All the cheering while Innovation QNS’ $2 billion proposal clears city council hurdles will fade if the plan stalls because state legislators refuse to replace the expired 421a tax exemption, the New York’s left firmly rejects.
While the deal aims to create approximately 3,200 homes, 45% of which are affordable, in southern Astoria, it rests on the assumption that the state will create a realistic new form of 421a affordable housing tax break to incentivize developers to accomplish.
Innovation QNS’s 1,400+ affordable units, including for 500 households earning 30% of the region’s median income, plus 157 homeless people, would make it the gold standard for future development projects.
But the city can’t afford to foot the bill for greater affordability without a 421a-like program. It is financially impossible for developers to offer almost half of the units for rent below market price without a tax credit.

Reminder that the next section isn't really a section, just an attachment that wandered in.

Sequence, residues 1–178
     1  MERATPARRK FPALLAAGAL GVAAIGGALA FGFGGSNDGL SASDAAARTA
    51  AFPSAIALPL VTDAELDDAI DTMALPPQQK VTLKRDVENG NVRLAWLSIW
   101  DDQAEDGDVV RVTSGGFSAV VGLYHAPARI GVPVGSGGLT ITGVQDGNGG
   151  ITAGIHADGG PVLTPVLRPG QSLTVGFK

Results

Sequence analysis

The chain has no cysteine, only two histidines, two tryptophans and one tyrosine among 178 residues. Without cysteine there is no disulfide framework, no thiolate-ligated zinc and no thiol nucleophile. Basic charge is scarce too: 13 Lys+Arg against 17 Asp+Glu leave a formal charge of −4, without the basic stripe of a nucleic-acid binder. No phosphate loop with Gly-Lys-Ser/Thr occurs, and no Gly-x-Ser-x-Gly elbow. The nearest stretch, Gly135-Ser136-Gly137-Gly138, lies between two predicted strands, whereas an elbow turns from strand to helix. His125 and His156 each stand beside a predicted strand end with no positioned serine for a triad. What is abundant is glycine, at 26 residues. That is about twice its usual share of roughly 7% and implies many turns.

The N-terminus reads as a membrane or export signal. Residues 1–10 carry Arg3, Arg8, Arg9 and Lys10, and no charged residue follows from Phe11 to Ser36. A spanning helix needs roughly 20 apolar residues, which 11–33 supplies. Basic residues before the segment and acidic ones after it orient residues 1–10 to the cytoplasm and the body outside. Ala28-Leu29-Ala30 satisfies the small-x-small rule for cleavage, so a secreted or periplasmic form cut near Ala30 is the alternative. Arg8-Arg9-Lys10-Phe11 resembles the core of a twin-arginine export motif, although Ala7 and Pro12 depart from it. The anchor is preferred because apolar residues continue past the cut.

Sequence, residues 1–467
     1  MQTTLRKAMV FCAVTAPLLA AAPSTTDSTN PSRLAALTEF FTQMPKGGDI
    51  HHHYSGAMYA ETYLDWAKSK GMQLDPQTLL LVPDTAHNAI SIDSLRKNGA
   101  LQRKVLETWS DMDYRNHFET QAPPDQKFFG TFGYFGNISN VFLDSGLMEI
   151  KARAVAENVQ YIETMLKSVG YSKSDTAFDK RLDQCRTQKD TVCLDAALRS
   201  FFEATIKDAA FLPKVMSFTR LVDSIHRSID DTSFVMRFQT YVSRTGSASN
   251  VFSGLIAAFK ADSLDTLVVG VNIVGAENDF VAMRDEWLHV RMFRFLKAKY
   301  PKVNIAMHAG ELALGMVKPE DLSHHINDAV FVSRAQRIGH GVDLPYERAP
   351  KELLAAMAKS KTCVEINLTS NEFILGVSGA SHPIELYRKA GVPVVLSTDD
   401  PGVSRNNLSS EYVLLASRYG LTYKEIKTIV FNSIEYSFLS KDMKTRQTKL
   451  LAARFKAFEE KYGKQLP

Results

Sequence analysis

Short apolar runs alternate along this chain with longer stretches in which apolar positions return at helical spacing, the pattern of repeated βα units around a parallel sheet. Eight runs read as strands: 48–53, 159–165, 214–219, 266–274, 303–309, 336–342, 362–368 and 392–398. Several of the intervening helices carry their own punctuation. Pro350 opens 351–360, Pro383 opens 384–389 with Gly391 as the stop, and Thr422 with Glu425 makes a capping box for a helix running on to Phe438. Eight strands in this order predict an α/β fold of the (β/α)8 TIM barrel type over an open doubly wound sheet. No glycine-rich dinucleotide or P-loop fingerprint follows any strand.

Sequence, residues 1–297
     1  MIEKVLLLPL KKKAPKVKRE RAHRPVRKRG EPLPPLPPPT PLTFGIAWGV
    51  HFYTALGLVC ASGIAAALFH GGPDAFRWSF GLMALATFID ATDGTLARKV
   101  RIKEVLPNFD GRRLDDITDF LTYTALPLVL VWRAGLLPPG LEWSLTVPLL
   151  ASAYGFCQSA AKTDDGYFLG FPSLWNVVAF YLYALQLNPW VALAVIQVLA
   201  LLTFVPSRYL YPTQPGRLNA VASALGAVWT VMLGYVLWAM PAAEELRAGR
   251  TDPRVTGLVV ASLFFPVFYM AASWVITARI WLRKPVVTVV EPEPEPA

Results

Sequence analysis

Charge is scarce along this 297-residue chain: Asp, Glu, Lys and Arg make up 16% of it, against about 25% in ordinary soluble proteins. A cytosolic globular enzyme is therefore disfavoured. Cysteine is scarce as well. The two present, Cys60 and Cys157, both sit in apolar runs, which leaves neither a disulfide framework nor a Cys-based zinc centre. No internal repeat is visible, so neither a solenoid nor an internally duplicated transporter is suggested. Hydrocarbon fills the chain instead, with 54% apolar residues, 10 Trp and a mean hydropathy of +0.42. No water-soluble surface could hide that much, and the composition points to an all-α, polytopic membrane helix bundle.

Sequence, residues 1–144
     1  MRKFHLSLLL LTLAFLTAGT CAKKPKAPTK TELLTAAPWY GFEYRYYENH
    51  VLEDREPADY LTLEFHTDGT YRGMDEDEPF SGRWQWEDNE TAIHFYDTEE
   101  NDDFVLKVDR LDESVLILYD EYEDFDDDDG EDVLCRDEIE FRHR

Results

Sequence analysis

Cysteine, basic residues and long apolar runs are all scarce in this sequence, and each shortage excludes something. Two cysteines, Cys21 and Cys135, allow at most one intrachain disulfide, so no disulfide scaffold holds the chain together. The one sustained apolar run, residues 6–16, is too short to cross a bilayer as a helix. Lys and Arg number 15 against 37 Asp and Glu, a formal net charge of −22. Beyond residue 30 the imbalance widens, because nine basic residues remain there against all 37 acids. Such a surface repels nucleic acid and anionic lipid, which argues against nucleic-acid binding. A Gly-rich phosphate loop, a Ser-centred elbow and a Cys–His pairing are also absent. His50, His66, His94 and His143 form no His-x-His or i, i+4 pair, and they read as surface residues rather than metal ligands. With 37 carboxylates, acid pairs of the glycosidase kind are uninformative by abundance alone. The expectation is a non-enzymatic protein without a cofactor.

And a city already facing multibillion-dollar deficits and A looming recession cannot possibly build many new subsidized homes on its own. Heck, NYCHA is going to have a hard time replacing even its own rapidly aging housing stock.
Gov. Kathy Hochul sought a 421a replacement this year, but the Legislature balked as the hard left went ballistic. Progressives, against all reason, insist that subpar homes must magically appear without the people building them getting a decent return on their investment.
But the fact remains that the standard property tax on new residential buildings makes it prohibitive to build anything but high-end complexes: if you want to build low-income units, you have to make it affordable for the builder.
An analysis by the Citizens Budget Commission warned in May that phasing out 421a without a successor would reduce overall rental housing construction, particularly affordable housing development, and lower city property tax revenues.
Unless Hochul, House Speaker Carl Heastie, and Senate Majority Leader Andrea Stewart-Cousins find a way to confront the mad left, Innovation QNS will not go ahead, and neither will most other new affordable housing plans.